Miraculously composed in under three weeks, Handel's "Messiah" is one of Western culture's most spectacular achievements. Since its premiere nearly 250 years ago, the work has never vanished from the stage, enjoying performances of every conceivable interpretation with forces of every imaginable size. While some of these performances, surely, have served Handel's music better than others, all have affirmed the quintessentially elusive character which distinguishes all great masterworks.
The "Messiah" given Wednesday by the Baltimore Symphony Chorus and Orchestra, conducted by Edward Polochick, was the most engaging heard in a long time. For that, the credit is largely Mr. Polochick's.
One immediately apparent mark of interpretive originality is Mr. Polochick's choice of tempos, all of which were generally quite brisk. The approach was powerfully visceral, and brought clearly to the fore the oratorio's dramatic character.
Occasionally, fast tempos proved too much for the BSO Chorus, as in Part I's "And He shall purify" and Part II's "All we like sheep have gone astray." More judicious choices would have preserved the individuality of Mr. Polochick's interpretation without compromising the music's integrity.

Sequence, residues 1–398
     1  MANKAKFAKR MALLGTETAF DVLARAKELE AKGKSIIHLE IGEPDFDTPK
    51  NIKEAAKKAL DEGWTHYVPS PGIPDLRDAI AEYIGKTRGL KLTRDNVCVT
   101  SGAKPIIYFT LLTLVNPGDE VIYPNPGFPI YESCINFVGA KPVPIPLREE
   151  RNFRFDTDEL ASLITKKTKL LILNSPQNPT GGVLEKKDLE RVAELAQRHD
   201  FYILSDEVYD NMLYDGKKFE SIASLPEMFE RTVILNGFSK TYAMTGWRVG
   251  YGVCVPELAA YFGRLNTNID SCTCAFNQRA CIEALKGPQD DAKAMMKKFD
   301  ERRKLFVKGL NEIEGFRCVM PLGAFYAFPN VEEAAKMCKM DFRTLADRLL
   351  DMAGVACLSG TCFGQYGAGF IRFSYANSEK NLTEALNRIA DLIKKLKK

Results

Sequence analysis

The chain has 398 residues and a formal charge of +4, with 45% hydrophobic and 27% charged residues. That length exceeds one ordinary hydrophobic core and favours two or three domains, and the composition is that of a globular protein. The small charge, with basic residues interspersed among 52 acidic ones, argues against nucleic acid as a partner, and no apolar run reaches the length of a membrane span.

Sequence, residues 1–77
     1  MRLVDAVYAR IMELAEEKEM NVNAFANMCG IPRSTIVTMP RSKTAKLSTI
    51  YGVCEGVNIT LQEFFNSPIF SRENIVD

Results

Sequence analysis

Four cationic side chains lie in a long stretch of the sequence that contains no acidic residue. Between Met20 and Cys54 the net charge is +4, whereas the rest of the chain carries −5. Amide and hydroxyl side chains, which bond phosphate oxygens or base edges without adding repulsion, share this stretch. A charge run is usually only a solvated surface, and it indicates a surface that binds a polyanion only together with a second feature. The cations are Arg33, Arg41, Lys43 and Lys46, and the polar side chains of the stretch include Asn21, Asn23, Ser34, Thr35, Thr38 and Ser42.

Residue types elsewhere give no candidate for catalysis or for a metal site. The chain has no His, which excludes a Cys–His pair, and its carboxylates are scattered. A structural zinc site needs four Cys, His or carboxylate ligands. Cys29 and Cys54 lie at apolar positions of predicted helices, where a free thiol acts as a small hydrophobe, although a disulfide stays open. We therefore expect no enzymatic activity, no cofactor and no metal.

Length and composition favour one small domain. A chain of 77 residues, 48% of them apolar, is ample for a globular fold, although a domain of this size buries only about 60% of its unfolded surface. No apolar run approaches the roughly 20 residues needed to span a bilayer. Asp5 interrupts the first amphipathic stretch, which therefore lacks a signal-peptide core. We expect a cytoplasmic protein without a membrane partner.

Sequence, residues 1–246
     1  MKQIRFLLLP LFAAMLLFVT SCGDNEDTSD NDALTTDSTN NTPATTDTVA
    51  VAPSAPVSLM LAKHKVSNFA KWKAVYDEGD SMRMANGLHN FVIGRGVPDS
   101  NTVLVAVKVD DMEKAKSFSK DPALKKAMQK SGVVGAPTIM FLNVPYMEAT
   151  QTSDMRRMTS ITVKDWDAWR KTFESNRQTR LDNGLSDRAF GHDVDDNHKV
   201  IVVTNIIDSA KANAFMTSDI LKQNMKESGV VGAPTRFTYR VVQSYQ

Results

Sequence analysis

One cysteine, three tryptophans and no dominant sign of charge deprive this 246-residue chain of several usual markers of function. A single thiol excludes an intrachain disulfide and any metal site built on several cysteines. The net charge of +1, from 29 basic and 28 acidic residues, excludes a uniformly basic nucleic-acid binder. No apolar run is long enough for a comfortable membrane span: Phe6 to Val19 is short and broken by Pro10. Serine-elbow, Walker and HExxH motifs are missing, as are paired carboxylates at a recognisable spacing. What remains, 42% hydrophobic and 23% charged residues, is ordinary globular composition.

Nevertheless, in the bizarrely rapid chorus "Surely he hath borne our griefs" (Part II) and, in particular, the chorus "His yoke is easy" which closes Part I, Mr. Polochick created a sense of euphoria absolutely individual and extremely compelling.
Less successful was the extensive ornamentation added to the score. While the practice of embellishing certain expressive melodic resting points and other passages was well documented in the baroque period, the elaborations chosen for this performance sometimes seemed to distort the score rather than enhance it.
Indeed, the virtuoso cadenzas occasionally added to the solo vocal parts, more often than not, made them sound more like bel canto opera than baroque oratorio.
Despite these occasional lapses, the soloists -- soprano Sheryl Woods, mezzo-soprano Christine Cairns, tenor Kip Wilborn, and baritone David Arnold -- were strong throughout the formidable solo arias of "Messiah." In particular, Mr. Arnold's performance was outstanding for its sensitivity and majestic bearing.
Like truly great music, truly great performances say something new and unexpected, making us discover or rediscover the inexpressible. Provocative and dramatic, the Edward Polochick/BSO "Messiah" is unquestionably such a performance.
The Baltimore Symphony Chorus and Orchestra conducted by Edward Polochick.
When: Dec. 22, 7:30 p.m.
Where: Meyerhoff Symphony Hall, 1212 Cathedral St.
Tickets: Sold out.